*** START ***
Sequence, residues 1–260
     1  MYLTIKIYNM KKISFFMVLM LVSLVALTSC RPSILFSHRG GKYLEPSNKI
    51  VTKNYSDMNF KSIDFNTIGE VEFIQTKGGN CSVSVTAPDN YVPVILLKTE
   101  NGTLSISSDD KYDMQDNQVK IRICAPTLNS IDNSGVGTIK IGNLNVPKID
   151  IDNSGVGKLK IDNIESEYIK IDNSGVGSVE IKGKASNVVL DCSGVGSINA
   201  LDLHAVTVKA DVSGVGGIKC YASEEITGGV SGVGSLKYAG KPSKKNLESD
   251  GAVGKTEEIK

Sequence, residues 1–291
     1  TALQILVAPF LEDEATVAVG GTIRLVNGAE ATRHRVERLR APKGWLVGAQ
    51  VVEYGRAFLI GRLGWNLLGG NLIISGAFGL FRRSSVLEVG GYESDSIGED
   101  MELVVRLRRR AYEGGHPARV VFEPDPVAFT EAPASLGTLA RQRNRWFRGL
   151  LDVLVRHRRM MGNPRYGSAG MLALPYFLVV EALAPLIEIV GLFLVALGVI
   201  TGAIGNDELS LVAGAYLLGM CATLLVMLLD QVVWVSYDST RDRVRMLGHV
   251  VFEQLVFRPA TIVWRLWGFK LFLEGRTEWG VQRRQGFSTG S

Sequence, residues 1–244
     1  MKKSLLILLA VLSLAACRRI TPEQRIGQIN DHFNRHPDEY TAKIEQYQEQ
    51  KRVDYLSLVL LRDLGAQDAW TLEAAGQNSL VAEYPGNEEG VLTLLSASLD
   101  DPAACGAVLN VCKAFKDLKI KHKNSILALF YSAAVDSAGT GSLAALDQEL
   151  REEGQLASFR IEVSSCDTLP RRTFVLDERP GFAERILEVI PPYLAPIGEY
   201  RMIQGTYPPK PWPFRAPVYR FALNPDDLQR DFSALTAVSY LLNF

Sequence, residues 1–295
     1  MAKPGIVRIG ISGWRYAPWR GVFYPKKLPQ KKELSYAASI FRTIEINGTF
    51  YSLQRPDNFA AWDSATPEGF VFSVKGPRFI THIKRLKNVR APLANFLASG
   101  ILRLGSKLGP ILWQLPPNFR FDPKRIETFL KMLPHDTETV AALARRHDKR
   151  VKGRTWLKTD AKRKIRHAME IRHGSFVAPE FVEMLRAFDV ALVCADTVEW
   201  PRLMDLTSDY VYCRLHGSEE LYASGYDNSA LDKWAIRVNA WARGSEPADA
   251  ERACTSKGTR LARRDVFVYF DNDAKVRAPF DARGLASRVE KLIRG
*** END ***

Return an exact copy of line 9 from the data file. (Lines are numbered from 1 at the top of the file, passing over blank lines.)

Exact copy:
     1  TALQILVAPF LEDEATVAVG GTIRLVNGAE ATRHRVERLR APKGWLVGAQ